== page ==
SAN JOSE, Calif. -- They sat side by side by side at the news conference podium, three of the last four captains of the San Jose Sharks, the guys who have tried so many times to get to this very point with this very team.
Some 19 years in the making for Patrick Marleau since the Sharks drafted him. More than a decade for Joe Thornton since the blockbuster trade brought him here. And 10 years for Joe Pavelski since he played his first game for this franchise.
Finally -- a trip to the Stanley Cup finals.
"We're just enjoying the ride right now," said Marleau, the specks of gray in his playoff beard reminding us of the very long journey. "We've had some really good teams over the years. Like Joe was saying, this team is a little bit different. The confidence we've built over the regular season and now in the playoffs -- I think winning on the road helped us get close as a group during the regular season. It carried over into the playoffs so far. Just having each other's back out there, working for each other."
Wednesday night's 5-2 win over the St. Louis Blues at SAP Center won them the Western Conference finals in six games and a berth in the NHL's championship series.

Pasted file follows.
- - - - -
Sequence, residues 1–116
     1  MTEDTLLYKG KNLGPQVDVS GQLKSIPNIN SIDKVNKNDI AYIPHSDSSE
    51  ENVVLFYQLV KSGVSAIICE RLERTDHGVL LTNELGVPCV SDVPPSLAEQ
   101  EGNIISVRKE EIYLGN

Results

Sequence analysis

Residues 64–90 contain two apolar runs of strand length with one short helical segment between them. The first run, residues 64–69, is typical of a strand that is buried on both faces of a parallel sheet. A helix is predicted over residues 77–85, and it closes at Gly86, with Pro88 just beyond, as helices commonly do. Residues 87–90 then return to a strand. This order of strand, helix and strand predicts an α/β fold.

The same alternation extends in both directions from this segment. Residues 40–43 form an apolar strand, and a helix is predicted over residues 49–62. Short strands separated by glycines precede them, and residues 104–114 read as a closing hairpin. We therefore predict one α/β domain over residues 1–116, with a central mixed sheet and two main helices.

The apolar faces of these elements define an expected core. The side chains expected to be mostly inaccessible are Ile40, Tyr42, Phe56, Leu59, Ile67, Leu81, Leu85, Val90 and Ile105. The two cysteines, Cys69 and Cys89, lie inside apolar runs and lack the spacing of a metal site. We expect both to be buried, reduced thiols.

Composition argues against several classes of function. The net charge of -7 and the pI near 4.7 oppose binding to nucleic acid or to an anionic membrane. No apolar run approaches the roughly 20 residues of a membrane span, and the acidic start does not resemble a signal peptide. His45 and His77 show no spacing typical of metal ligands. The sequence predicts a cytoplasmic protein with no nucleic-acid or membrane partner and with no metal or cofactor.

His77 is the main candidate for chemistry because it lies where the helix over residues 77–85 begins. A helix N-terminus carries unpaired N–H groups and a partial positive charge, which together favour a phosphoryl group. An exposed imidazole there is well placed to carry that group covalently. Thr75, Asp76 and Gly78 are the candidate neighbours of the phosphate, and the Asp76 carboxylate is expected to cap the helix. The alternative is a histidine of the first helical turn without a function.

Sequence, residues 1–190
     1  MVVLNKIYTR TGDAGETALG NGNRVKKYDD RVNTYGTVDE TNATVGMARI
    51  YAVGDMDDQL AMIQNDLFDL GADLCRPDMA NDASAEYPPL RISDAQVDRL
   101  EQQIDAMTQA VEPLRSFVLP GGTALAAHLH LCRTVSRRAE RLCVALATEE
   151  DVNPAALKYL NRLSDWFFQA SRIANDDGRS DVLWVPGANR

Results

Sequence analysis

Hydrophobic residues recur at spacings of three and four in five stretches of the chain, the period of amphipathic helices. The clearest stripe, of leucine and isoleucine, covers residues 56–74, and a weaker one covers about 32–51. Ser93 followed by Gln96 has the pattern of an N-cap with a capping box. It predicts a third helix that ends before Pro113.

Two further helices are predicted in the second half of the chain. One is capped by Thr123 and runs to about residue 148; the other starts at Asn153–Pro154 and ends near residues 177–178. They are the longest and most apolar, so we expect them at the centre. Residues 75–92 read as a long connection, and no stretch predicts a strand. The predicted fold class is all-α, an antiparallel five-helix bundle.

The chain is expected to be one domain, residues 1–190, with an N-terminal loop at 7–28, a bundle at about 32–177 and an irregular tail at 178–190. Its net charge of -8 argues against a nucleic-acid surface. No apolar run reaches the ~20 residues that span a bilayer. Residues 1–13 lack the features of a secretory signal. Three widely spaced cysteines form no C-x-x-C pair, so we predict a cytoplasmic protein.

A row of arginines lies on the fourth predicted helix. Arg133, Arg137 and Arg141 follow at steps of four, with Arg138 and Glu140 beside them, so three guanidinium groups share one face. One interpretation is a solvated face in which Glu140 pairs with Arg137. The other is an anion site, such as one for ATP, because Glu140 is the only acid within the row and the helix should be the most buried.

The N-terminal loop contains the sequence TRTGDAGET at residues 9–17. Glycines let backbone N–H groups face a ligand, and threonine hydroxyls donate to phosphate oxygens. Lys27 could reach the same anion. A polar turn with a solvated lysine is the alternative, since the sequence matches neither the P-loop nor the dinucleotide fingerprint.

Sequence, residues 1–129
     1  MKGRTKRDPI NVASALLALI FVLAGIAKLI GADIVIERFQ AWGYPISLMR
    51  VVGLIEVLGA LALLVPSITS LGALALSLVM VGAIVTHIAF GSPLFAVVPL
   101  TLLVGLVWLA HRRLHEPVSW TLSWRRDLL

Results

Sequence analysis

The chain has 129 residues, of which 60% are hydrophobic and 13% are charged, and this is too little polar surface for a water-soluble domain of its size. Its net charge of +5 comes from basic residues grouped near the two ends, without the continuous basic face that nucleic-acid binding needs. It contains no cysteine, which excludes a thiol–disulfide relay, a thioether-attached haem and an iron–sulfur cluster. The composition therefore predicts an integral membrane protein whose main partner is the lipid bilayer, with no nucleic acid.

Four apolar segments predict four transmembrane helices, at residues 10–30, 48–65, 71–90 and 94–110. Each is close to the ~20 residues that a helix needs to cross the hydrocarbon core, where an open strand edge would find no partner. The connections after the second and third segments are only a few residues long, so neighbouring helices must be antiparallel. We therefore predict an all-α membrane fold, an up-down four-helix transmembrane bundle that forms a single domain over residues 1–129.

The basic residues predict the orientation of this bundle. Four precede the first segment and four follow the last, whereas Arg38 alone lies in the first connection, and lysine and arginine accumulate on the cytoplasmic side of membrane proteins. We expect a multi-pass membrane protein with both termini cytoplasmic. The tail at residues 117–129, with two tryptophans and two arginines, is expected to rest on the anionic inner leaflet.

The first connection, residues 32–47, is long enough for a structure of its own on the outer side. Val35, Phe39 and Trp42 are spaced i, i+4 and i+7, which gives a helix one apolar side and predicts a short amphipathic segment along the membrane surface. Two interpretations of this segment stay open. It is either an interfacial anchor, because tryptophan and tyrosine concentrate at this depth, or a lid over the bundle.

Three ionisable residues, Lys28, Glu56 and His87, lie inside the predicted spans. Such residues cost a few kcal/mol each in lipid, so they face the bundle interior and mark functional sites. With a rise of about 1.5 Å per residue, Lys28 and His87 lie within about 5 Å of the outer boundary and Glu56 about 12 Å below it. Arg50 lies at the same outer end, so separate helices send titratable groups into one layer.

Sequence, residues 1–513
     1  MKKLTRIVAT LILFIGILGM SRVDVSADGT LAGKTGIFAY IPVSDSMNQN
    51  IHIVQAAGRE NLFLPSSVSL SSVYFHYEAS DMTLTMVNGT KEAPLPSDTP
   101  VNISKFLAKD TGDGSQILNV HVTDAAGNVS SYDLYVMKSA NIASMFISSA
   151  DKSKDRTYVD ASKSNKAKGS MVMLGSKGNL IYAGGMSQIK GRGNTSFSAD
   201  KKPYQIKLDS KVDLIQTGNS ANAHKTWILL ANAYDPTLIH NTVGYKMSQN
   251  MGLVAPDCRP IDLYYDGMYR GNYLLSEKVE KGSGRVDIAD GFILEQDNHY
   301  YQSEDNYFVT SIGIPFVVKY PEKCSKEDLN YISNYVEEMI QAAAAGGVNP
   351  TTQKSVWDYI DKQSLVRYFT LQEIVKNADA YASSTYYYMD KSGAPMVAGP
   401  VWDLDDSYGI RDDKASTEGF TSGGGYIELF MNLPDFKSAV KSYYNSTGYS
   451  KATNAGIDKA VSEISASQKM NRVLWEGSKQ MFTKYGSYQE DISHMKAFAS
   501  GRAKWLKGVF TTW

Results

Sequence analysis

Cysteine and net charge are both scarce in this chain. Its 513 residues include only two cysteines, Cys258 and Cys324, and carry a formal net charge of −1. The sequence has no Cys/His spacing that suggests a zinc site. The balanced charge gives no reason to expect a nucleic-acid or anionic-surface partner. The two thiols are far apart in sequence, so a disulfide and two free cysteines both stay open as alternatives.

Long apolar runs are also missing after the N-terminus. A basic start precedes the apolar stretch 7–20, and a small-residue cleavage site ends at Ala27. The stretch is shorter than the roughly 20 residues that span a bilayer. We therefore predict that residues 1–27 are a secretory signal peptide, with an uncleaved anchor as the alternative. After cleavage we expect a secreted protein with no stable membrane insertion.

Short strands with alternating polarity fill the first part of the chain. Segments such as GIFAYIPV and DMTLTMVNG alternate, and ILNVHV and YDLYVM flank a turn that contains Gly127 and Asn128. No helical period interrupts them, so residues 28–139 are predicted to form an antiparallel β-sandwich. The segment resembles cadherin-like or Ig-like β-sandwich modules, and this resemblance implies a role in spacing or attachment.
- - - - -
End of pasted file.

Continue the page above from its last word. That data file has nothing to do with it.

After all these years of being picked to win the Stanley Cup, it figures they finally get there in the season in which nobody did.
Especially for Thornton and Marleau -- the most tenured Sharks who have bore the brunt of this franchise's playoff failures -- this night surely heals some wounds.
"I can't put it into words because I can't imagine," San Jose head coach Peter DeBoer said of Thornton and Marleau, two stars who had the "C" stripped off them during a decade of drama in these parts. "I can't imagine, because all I've seen them is the year I've spent with them and how hard these guys work every day, how committed they are, how badly they want to win.
"I don't think that's changed over the last 10 years. I just think for whatever reason it hasn't come together. So I can't imagine the stuff written about them and said about them that they've had to deal with. It's a great night for those guys."
Two years ago in this very building, it was the worst of nights. The Sharks dressing room was a morgue after a Game 7 loss to the Los Angeles Kings.
It felt like the end of the run for this Sharks core after a decade of contending, the final nail in the coffin of a great team that just couldn't ever find the final pathway.